On Jan. 25, 2003, the night before Super Bowl XXXVII, Bucs players gathered in a San Diego hotel meeting room for pregame mass. The following night, they became world champions. First things first. Monsignor was rolling.
"We always loved his homilies and pep talks," Bucs great John Lynch said. "I can still hear his Irish accent. 'You strive to do your best and win the race! You have to fight and fight hard!' I'll never forget the one before the Super Bowl. He brought it all. Monsignor was sweating by the end and his cheeks were all red. He had everybody ready to play. It was like he was part of the team."
Monsignor Laurence Higgins, as beloved and benevolent a teammate as any city ever had, will be celebrated and laid to rest today in his adopted home, where he touched countless lives. His beautiful light made Tampa a better place.
He was a sports guy, too.
In Monsignor's home, next to St. Lawrence Catholic Church, where he was pastor for 49 years, his jerseys are everywhere, some near the large photo of him with Pope John Paul II. There are two jerseys the Bucs presented him. There is a jersey from the Lightning, No. 53, for 1953, the year Higgins was ordained a priest. And there is a No. 12 jersey from his Gaelic football days in Ireland, playing for County Derry.
The man loved people. And Tampa. And sports. And he came to play.
Tony Dungy, one of today's eulogists, first met the monsignor 20 years ago, when Dungy arrived to coach the Bucs. There was that twinkle in Higgins' eyes, and behind them that sense of humor.
"Welcome to Tampa," he told Dungy. "I'm here to serve. You're coaching my team. Do it well. Don't mess it up."
Last Saturday in Dublin, Ireland, Derry played County Dublin at famed Croke Park in the All-Ireland senior championship semifinal in Gaelic football, a rough mix of soccer and rugby, and we mean rough.
But before the national telecast, commentators offered a tender tribute. Analyst Joe Brolly, a forward on the 1993 Derry All-Ireland champion, still the last Derry title winner, honored a legendary forward from Derry's 1947 national champion.
"We also remember here a very famous Derry man. That is Larry Higgins."
"Godspeed to him. A most remarkable man."
Monsignor Higgins was a star for Derry and all of Ireland. Back then, he was 5-10, 175 pounds, wiry, fast, strong and tough.
Kevin Murray, a eulogist today, was co-pastor with Monsignor Higgins at St. Lawrence from 1988 to 1995. Murray's mother, the indomitable Polly, was Higgins' lay administrator at St. Lawrence for half a century. Polly's six wonderful sons helped care for the monsignor even before she died.
But one day a long time ago at St. Lawrence Catholic School …
"We were kids kicking a tether ball, and someone kicked the ball to Monsignor. He just drove a bullet back at us," Kevin Murray said. "We scattered like ants. I'll never forget it. Monsignor was a Mickey Mantle in Ireland in 1947."
"Yes, everyone knew him in Ireland," said Martin Gourley, 65, Higgins' nephew, who will also deliver a eulogy. "Sports was his life. But he left all that behind."
Well, not all of it.
Monsignor Higgins was de facto Bucs pastor for years, holding masses, presiding over weddings, counseling players, traveling with the team to away games, including the Super Bowl. He was close to Tampa Bay Rowdies soccer players. He sat with Yankees owner George Steinbrenner at spring training. Higgins helped build the deal that built the stadium that brought the Yankees to Tampa.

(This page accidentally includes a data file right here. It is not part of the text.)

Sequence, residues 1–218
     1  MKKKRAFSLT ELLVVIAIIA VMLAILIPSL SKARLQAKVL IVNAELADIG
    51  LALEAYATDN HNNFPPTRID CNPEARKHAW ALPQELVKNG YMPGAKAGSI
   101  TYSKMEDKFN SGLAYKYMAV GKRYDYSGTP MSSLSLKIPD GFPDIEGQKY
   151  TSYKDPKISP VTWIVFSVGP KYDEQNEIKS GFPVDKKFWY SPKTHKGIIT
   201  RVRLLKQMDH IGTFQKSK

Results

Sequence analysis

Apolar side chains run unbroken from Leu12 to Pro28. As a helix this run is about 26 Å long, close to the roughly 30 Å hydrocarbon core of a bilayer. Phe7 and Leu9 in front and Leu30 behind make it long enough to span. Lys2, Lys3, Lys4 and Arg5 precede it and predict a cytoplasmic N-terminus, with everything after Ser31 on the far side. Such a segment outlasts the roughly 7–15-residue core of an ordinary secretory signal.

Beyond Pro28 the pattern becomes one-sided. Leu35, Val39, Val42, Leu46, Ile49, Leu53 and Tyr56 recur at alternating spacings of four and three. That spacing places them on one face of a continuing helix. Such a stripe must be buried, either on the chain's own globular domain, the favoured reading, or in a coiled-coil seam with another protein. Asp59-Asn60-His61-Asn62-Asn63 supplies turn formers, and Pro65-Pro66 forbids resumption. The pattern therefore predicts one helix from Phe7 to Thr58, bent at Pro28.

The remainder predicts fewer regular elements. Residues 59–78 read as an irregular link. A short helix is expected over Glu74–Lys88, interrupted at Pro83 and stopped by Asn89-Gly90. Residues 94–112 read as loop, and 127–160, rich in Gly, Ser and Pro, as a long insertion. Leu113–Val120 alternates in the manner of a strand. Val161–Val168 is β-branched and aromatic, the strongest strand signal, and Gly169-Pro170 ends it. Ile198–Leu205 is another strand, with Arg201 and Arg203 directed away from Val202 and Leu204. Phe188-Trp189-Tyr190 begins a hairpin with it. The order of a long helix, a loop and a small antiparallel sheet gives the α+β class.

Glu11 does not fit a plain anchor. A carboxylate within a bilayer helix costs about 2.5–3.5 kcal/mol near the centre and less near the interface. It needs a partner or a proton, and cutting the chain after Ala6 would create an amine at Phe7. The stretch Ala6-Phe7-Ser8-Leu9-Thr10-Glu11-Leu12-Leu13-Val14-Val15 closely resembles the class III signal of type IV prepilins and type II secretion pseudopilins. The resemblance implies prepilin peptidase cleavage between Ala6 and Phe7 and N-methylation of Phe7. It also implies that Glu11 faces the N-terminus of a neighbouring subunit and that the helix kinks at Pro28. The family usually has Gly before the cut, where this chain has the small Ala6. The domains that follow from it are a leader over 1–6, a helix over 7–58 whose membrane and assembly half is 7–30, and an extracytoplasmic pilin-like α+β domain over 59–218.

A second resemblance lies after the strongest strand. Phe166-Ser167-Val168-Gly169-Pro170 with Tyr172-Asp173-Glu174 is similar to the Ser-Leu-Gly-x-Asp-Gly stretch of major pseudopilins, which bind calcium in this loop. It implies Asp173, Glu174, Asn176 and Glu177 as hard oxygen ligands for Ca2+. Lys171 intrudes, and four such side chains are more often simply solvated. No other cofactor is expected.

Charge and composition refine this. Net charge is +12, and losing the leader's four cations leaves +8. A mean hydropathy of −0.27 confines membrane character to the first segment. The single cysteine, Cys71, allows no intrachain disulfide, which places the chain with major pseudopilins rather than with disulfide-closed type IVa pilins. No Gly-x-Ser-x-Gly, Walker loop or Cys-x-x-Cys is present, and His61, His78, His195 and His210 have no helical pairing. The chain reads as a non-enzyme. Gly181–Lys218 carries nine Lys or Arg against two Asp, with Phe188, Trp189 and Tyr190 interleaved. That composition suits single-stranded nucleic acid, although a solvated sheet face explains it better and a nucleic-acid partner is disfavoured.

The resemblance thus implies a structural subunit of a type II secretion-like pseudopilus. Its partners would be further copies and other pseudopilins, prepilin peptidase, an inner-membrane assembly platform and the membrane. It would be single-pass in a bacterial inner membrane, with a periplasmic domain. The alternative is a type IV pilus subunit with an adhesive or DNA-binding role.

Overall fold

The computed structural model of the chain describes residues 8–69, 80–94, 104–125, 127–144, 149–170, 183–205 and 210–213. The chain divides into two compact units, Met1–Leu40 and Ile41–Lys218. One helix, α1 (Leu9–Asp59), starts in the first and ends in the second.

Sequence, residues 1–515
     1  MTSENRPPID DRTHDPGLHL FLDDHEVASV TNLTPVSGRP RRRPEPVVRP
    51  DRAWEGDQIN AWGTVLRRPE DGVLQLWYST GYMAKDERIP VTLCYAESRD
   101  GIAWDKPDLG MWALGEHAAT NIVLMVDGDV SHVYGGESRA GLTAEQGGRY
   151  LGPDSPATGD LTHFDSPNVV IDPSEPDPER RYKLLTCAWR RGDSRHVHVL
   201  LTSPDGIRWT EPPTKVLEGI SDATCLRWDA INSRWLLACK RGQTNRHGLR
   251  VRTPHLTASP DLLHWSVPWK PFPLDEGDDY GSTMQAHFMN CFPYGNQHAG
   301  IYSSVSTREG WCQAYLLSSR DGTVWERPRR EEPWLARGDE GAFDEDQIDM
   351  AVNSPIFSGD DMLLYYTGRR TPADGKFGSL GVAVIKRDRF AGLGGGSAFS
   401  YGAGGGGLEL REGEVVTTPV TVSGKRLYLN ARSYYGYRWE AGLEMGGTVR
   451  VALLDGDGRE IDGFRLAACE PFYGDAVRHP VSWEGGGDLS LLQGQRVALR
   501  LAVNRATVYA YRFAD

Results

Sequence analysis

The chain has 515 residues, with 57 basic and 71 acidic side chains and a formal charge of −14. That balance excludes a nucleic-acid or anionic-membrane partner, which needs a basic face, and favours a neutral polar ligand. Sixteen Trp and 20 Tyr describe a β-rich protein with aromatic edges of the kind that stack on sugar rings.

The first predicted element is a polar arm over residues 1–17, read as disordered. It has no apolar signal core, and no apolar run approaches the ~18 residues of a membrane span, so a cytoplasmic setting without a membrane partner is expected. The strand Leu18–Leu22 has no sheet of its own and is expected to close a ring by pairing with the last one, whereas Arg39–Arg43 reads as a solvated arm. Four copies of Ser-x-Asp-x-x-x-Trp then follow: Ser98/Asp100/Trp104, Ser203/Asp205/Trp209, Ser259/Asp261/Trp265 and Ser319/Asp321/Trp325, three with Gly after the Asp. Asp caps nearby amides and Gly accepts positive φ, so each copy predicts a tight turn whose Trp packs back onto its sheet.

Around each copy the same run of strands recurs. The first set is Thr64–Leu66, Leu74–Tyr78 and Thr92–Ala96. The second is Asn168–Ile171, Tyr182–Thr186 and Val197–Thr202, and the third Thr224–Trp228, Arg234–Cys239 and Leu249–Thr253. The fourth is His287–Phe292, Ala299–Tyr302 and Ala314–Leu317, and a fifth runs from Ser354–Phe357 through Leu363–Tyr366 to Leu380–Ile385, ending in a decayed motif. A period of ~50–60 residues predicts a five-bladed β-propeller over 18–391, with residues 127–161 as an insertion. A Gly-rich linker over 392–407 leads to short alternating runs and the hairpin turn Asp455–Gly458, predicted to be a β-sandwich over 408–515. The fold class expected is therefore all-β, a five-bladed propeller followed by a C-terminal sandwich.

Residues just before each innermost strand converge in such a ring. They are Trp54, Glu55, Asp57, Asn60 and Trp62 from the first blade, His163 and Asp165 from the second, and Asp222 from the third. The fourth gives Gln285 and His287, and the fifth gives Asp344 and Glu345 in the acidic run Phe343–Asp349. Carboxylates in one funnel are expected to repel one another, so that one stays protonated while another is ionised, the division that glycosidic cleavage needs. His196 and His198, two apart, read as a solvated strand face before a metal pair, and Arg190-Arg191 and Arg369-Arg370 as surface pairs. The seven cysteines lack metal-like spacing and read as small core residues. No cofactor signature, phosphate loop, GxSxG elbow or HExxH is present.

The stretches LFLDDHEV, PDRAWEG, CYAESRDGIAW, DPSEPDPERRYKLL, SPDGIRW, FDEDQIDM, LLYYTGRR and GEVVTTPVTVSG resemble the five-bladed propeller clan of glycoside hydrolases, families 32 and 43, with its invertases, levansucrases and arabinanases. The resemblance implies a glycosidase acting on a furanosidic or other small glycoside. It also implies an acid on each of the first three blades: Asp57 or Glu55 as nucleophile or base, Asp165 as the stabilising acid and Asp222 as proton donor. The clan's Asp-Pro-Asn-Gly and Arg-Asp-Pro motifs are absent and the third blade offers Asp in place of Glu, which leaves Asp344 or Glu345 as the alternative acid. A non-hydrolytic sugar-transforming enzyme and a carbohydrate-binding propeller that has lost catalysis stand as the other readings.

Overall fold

Put together movers and shakers at that time in Tampa — Mayor Dick Greco, George and Leonard Levy, Tampa Tribune sports columnist Tom McEwen, Steinbrenner. Then add the monsignor to the list.
"Do I think Monsignor played a role in why the Bucs are still in Tampa? Absolutely," former Bucs general manager Rich McKay said. "Before the stadium vote over the community investment tax, Monsignor was always bringing people together. He was a connector."
And when John McKay, the first Bucs coach, was dying, Monsignor Higgins stopped at the hospital to see him.
"Every day," Rich McKay said.
There are hundreds of Monsignor Higgins stories like that.
Rich or poor, famous or not, he was there.
Cecil Edge tells this story.
In the late 1980s, the Tampa businessman was chairman of the FIFA World Cup soccer task force for Tampa Bay. The United States was trying to land the 1994 World Cup. It did, though Orlando was eventually chosen over Tampa as a Florida venue.
But go back before all that.
Monsignor Higgins was going on one of his Ireland trips. Before he left, he asked Edge to write a letter to the Irish FIFA delegate who owned a World Cup vote. He wanted a meeting with the man.
"When we went to the World Cup vote in Zurich, we were selected as the host nation," Edge said. "A shocker."
But the head of FIFA and another voting member had stepped aside because they were from Brazil and Brazil had made a bid.
"So guess who took over?" Edge said. "Monsignor's new friend from Ireland. When I told the man that I was the one who wrote the letter to him, his face lit up. He said, 'Tell my good friend Monsignor Higgins that we delivered.' "
My good friend Monsignor Higgins.
Tim Murray, Kevin's brother, remembers Sundays watching the Bucs on TV with Monsignor Higgins.
"Every game, he'd get nervous," Tim Murray said. "He wanted to win every time."
By the way, remember that 1993 Derry championship Gaelic football team?
Guess who delivered the pregame pep talk?
Monsignor Larry Higgins.
"When we'd hear him say, 'You have to fight and fight hard!' we'd fist bump each other and say, 'Here he goes,' " John Lynch said. "He lived a life of sacrifice, but he kept his competitive fire. He fought for everyone."
It was all about the team.